### Threshold Selection Map

Additionally, the Fisher information can be used to calculate confidence intervals.

```> x <- runif(10000)
> par(mfrow = c(1, 2))```

The result is shown in the figure. We can clearly see that a threshold of 0.98 is a reasonable choice.

Confidence intervals can be added to this plot, since the empirical mean can be considered normally distributed (Central Limit Theorem). However, for high thresholds, normality no longer holds, and moreover, by construction, the graph always converges to the point (xmax; 0).
Here's another comprehensive example.

```> x <- rnorm(10000)
plot(x, u.range = c(1, quantile(x, probs = 0.995)), col =```

#### L-moment diagram

L-moments are summary statistics for probability distributions and data samples. They are similar to ordinary moments {they provide measures of location, dispersion, skewness, kurtosis, and other aspects of a probability distribution or data sample shape {but are computed from linear combinations of ordered data values ​​(hence the prefix L).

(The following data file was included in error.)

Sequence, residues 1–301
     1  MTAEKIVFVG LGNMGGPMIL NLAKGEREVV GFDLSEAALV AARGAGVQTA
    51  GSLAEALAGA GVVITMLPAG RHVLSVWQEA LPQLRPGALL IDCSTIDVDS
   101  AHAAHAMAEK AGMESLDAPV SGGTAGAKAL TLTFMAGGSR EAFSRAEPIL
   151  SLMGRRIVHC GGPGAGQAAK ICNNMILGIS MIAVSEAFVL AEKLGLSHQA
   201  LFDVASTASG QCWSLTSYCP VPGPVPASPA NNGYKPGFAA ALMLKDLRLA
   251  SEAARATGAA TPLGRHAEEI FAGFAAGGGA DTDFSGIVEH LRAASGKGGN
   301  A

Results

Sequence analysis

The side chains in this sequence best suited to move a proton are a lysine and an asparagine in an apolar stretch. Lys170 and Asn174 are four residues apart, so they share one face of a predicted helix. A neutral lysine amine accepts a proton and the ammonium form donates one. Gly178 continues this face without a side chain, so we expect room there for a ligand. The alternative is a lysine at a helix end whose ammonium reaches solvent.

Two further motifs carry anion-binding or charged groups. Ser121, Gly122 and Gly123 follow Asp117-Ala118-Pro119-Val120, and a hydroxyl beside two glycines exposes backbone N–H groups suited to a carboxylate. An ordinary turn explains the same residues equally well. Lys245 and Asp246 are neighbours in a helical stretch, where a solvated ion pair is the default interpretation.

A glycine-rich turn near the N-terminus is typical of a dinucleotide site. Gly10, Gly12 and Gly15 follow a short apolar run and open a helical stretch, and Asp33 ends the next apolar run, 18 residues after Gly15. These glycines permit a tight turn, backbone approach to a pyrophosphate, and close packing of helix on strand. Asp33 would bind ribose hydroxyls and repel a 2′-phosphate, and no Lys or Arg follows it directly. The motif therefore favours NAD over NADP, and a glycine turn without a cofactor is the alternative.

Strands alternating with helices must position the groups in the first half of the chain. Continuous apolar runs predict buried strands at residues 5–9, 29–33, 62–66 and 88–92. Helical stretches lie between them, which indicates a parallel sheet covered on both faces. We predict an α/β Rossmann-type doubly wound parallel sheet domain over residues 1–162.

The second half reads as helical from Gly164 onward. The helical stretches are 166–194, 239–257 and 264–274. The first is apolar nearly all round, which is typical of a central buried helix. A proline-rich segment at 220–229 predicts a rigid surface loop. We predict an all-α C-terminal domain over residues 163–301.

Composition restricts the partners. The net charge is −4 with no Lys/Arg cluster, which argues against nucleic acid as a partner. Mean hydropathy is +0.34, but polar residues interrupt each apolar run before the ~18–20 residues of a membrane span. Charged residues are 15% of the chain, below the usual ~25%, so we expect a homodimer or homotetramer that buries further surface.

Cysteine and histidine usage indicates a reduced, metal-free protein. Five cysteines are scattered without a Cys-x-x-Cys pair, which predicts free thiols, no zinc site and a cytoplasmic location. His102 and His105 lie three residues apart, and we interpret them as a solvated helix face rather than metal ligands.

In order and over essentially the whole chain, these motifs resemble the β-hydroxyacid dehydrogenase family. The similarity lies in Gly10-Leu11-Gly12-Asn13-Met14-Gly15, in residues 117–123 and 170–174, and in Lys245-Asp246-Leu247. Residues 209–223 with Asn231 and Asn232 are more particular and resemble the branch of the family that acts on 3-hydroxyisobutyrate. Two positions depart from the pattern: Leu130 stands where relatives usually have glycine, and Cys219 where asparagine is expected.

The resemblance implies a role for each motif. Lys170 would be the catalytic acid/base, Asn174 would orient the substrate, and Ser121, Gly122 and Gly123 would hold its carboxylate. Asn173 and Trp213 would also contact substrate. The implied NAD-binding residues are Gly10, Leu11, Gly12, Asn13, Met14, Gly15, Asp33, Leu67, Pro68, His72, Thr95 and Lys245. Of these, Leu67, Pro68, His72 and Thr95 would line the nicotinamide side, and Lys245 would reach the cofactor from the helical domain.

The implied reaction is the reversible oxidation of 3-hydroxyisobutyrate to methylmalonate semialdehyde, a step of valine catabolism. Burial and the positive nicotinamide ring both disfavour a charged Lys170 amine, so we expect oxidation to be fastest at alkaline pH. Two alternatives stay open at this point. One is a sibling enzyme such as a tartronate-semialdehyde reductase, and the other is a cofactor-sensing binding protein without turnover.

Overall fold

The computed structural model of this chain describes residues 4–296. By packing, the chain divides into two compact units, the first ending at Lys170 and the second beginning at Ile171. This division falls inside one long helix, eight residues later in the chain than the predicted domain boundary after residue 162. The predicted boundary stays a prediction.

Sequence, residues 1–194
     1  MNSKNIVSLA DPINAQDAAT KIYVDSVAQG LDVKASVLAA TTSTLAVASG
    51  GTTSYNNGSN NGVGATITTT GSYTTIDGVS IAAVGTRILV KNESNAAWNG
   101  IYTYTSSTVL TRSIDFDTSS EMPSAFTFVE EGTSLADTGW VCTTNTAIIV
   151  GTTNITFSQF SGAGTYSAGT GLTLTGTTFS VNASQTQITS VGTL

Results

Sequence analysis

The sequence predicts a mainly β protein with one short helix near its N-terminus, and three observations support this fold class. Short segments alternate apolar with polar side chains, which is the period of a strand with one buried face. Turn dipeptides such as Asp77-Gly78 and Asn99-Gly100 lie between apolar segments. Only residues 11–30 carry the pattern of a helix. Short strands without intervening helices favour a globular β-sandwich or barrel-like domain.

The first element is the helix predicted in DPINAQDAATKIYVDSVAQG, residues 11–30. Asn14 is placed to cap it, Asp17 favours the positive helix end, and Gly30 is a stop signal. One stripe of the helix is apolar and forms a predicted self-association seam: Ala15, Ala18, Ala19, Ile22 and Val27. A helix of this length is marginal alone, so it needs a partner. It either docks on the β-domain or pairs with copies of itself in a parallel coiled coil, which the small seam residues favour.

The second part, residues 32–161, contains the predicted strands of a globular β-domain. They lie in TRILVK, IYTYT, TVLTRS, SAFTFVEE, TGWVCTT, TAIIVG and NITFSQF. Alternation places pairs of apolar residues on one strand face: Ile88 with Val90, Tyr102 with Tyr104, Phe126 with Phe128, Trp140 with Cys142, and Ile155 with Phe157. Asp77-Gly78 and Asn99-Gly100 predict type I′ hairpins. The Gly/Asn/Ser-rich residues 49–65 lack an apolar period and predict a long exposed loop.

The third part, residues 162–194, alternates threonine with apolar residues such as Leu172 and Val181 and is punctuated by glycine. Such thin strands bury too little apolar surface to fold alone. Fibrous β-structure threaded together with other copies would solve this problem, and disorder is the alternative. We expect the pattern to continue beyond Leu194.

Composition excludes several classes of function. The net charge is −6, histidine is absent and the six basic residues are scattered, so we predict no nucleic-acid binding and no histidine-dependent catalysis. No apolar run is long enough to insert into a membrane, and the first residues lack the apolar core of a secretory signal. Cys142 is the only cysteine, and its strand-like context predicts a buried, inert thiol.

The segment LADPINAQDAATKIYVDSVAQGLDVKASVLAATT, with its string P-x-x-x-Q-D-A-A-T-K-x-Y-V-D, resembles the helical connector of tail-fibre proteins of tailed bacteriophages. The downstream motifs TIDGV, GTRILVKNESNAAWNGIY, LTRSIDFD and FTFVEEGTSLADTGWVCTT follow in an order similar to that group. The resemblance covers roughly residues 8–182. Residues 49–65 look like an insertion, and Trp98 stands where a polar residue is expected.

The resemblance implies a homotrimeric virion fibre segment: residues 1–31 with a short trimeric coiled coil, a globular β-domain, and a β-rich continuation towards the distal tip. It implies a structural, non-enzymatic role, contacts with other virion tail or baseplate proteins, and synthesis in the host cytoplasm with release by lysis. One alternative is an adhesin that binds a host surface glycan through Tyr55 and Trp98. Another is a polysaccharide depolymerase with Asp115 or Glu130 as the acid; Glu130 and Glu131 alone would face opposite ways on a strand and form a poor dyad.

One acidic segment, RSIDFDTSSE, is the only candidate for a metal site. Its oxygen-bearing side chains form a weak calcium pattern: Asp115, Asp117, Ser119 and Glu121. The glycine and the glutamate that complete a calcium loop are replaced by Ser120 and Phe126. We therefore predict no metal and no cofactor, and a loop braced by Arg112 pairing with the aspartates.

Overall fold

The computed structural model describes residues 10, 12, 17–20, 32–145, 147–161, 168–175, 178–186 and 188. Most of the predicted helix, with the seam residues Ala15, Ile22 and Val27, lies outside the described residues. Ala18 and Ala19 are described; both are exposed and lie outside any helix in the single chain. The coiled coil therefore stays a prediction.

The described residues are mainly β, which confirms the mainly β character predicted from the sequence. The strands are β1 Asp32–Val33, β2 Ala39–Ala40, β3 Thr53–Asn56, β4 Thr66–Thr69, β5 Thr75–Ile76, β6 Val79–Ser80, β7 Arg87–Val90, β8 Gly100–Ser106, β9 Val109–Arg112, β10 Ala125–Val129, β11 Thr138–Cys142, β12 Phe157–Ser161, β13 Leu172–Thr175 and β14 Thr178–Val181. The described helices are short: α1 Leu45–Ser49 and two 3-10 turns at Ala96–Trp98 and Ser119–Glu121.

Here is a simple example.

`> x <- c(1 - abs(rnorm(200, 0, 0.2)), rgpd(100, 1, 2, 0.25))`

We have found that this graph often performs poorly on real data.

#### Dispersion Index Diagram

Dispersion index plots are especially useful when working with time series. EVT states that the excess beyond the threshold can be approximated by GPD. However, EVT must represent the occurrence of these excesses through a Poisson process.

For the next example, we use the dataset included in the POT package. Also, since the flood data is a time series and thus highly autocorrelated, we must "extract" extreme events while maintaining independence between events.

```5, clust.max = TRUE)
> diplot(events, u.range = c(2, 20))```

The dispersion index diagram is shown in the figure. As can be seen from the plot, a threshold of around 5 is reasonable.  Click on the title to view past content Extreme value theory EVT, POT super threshold, GARCH model analysis Stock index VaR, conditional CVaR: Diversified investment portfolio forecast risk measurement analysis Swipe left and right to see more 01 02 03 04 ## Fitting GPD

### Univariate case

GPD can be fitted from multiple estimators.